Room: Exhibit Hall | Forum 4
Purpose: High-dose-rate interstitial brachytherapy (HDR-ISBT) for gynecologic malignancy can be impacted by variation due to interfractional motion of markers and needles, uncertainties in contouring structures, swelling and organ filling. The purpose of this study is to evaluate the spatial variation of these features as well as their impact on dose distributions and integrated radiobiological metrics and to create tools/solutions to mitigate these factors.
Methods: The spatial positions of 50 implanted markers and 202 needles were tracked in 15 patients treated over 70 fractions of HDR brachytherapy. Marker/needle coordinates were extracted from CT images with contours and dose distributions. Automated analysis determined marker self-consistency and displacements between various elements of the implant. Augmenting DVH parameters, the variations of equivalent uniform biological effective dose (EUBED) and generalized biologically equivalent uniform dose (gBEUD) were evaluated for each patient.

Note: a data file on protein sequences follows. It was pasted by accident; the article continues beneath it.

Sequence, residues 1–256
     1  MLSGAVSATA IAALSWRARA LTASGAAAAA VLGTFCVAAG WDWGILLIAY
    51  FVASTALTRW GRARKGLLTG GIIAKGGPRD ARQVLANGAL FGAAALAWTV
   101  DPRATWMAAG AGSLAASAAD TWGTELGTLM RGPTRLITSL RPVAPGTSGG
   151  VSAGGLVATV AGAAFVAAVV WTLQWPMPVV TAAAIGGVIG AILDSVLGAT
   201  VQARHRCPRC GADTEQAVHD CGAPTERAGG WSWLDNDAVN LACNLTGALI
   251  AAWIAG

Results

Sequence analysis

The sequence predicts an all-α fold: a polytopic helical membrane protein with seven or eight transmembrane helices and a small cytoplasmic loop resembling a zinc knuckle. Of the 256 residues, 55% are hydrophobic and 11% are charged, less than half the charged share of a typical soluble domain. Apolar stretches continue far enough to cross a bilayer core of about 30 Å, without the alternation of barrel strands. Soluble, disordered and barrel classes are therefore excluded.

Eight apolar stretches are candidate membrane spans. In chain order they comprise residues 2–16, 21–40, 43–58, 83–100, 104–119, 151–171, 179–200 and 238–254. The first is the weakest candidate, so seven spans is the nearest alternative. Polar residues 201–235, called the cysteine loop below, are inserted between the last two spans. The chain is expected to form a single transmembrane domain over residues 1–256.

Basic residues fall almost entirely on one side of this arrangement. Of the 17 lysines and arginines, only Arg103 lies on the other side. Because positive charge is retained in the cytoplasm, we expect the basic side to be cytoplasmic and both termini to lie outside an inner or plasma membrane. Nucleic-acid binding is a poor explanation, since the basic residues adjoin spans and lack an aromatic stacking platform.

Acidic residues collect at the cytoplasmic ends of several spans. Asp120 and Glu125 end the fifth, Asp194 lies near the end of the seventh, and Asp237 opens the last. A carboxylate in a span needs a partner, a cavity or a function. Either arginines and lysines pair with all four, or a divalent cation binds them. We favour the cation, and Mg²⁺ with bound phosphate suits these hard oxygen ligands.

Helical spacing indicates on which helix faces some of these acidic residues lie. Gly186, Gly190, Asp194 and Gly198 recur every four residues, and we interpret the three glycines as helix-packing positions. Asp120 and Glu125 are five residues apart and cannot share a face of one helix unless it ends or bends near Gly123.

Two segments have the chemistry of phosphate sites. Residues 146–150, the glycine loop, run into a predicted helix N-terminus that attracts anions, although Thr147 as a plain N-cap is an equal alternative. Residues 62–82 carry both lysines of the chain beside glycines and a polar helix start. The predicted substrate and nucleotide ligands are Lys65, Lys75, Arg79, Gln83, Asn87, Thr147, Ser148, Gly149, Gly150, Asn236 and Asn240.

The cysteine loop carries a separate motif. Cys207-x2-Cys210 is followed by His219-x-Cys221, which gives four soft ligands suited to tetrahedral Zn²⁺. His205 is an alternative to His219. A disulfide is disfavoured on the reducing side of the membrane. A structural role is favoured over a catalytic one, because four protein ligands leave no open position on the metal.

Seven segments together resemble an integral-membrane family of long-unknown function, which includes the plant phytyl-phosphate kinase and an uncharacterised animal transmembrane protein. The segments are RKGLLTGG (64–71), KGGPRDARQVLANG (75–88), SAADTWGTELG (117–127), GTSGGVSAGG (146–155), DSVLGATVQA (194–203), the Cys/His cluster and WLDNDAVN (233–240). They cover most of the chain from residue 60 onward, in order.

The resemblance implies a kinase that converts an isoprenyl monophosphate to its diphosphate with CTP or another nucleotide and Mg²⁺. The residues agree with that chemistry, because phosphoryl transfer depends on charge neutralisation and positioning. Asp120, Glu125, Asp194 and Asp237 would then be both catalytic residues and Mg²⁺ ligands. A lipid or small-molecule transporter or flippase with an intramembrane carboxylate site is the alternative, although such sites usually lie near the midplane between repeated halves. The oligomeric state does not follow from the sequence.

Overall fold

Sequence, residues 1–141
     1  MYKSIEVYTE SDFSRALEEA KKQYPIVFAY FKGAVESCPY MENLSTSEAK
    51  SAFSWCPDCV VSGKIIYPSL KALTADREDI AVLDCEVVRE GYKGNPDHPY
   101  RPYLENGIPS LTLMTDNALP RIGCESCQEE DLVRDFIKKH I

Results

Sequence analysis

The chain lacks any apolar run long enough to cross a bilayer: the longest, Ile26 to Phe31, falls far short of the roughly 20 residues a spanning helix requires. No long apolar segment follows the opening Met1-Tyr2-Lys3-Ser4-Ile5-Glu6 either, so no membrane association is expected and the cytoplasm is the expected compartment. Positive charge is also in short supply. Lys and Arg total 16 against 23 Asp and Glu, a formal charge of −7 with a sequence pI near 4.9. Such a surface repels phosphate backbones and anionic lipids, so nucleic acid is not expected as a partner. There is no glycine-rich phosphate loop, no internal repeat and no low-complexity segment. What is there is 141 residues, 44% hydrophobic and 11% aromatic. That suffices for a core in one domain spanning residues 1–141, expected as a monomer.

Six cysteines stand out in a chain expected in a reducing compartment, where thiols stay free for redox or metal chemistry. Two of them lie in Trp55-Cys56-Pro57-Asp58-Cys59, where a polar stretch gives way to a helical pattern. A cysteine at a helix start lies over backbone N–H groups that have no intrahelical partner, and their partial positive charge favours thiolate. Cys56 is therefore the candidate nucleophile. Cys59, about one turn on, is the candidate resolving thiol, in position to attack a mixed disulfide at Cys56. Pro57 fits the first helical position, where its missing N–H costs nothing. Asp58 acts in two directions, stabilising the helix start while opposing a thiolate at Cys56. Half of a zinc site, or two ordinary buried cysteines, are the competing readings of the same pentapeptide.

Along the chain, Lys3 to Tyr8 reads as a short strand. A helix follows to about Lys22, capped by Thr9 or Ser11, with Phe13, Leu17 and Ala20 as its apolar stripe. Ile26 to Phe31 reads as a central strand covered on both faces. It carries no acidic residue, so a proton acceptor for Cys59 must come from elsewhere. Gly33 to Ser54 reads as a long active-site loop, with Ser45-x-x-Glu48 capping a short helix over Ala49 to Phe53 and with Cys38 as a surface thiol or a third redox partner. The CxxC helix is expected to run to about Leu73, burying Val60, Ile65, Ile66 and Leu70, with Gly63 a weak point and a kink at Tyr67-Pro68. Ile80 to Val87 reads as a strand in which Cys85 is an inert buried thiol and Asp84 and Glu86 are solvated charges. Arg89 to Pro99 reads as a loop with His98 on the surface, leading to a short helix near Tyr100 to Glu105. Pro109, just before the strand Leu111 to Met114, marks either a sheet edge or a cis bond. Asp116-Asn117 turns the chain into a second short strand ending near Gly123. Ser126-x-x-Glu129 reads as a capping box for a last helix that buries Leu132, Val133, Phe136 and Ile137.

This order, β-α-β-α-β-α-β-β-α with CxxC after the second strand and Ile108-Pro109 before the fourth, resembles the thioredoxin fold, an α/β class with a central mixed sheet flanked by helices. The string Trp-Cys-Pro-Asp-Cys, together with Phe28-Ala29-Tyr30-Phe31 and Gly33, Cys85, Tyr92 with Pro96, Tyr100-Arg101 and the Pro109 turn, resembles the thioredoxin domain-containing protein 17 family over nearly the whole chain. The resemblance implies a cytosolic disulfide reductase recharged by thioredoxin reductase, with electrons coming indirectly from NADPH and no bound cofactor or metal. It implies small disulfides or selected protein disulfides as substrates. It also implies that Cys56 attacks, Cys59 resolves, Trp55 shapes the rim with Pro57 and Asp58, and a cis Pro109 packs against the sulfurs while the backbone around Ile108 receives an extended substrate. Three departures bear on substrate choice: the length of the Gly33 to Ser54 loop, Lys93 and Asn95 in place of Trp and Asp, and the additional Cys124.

Results: The relative positions of the markers experienced an average mean absolute change in distance of 1.7Â±0.2 mm, the needle tips varied by an average of 1.1Â±2.0 mm over all fractions, both relative to their respective centers of mass (CM) over all fractions, and the distance between CMs of the needles and markers varied by less than 2.5 mm in the majority of patients. The volumes of the prescription region varied from 20 cc to 154 cc. The average gEUD and EUBED were calculated across all patients relative to the prescription dose over the volume encompassed by 100% prescription dose as well as the CTV.
Conclusion: We present a new solution to better self-identify implanted markers based on their relative orientation. Markers and needle tips are clinically reliable across fractions for the majority of cases, and as a result, the dose distributions across patients is largely reproducible. Despite the wide range of prescription volumes, the integrated dose metrics were relatively constant across patients.